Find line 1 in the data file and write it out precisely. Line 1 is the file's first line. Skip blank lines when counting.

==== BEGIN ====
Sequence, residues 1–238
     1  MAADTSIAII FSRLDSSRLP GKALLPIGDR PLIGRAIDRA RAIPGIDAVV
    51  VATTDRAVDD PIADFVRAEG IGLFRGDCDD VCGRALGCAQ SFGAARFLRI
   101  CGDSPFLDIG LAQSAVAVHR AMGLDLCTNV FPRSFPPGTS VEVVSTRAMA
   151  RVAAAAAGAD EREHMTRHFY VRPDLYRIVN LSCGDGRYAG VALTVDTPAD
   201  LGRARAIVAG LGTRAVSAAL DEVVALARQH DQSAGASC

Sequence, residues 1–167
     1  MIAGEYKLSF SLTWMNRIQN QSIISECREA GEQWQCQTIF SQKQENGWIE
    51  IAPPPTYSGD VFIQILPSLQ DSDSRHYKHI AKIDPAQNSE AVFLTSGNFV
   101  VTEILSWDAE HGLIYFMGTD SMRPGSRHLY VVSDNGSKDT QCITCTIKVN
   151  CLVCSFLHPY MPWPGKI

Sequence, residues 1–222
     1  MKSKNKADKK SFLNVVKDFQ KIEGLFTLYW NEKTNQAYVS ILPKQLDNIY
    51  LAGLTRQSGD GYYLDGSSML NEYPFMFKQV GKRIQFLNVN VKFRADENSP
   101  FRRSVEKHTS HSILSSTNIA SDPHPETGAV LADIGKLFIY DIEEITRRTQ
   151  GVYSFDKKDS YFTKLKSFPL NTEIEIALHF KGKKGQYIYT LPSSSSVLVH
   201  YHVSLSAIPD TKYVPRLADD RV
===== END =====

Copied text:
Sequence, residues 1–238